Living longer with CF

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It was once thought of as a childhood disease, but today, the faces of cystic fibrosis are changing. 

John O'Neil stays busy with a demanding job, a wife, and three young girls. 

O'Neil says, "I like to tell people it's basically like a circus that I live in 24/7." 

He also has cystic fibrosis, or CF, a genetic disease that causes mucus to build up in his lungs and other organs. O'Neil takes a handful of pills every day and needs breathing treatments to keep his lungs clear. But he doesn't let it get him down.

O'Neil says, "I'm never going to let this disease define who I am as a person." 

Years ago, the outlook for cystic fibrosis was grim. 

Dr. Elliott Dasenbrook, Director of Adult Cystic Fibrosis Center at Cleveland Clinic says, "If you look back into the 1950s, a child born with CF, the parents would be told that they'd be lucky if they made it to elementary school."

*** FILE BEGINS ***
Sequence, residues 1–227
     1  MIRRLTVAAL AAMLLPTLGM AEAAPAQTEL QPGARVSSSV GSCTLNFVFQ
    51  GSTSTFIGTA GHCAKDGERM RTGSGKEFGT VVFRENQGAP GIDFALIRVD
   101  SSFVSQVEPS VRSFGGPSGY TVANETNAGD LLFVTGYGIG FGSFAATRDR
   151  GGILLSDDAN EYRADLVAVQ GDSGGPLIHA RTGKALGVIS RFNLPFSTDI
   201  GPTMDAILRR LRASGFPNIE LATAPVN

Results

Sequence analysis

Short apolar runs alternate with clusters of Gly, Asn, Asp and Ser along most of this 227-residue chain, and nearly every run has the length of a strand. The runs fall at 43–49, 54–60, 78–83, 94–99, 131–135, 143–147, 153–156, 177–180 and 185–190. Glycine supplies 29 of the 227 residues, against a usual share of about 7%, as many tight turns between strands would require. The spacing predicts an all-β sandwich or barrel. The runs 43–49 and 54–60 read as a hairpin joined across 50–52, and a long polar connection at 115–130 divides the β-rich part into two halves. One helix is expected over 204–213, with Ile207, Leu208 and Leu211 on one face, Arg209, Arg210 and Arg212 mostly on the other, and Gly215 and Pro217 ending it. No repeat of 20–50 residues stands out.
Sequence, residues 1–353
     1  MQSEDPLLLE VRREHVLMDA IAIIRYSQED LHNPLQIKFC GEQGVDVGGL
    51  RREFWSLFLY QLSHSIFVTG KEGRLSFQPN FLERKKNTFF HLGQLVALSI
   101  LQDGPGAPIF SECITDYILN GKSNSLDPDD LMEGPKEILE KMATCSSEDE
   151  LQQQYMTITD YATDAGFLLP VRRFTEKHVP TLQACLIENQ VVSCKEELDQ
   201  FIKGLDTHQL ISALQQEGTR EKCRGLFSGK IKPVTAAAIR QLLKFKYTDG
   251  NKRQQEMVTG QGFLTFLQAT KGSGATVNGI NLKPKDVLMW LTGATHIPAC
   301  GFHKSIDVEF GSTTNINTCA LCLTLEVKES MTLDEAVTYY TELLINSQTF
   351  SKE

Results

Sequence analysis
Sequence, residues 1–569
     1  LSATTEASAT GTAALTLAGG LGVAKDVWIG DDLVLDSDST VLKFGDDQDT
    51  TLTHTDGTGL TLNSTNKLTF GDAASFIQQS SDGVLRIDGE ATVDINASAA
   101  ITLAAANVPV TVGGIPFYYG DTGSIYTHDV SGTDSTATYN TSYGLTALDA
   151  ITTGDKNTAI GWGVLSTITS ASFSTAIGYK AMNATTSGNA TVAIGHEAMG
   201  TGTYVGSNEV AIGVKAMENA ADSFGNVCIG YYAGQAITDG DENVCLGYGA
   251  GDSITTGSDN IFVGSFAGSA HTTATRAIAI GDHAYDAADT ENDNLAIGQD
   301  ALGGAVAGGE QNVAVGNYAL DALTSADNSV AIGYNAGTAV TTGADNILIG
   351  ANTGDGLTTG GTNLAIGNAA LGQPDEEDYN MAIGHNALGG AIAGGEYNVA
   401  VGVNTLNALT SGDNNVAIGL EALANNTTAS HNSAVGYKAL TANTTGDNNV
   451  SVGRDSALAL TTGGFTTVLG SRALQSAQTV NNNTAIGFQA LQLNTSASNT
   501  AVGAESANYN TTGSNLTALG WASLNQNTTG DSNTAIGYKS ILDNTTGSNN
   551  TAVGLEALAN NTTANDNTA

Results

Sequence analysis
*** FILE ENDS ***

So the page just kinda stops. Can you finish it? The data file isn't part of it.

Today, the average age of survival is about 47, with many living longer. Doctors credit better care and nutrition. And, for the first time, newer drugs that target the gene defect have recently become available. 

Dr. Dasenbrook says, "There's now more adults in the United States with CF than there are children." 

But there are challenges: Adults with CF are more likely to develop infections, diabetes, arthritis, fertility problems, and a resistance to antibiotics. That's why specialty centers that treat adults only can be helpful.   

O'Neil feels better than ever and has big plans for his future.  

O'Neil says, "My aspiration is to live to see my daughters grow up and walk them down the wedding aisle one day and live into grandparenthood with my wife."

People with CF have inherited two copies of a defective gene, one from each parent. 

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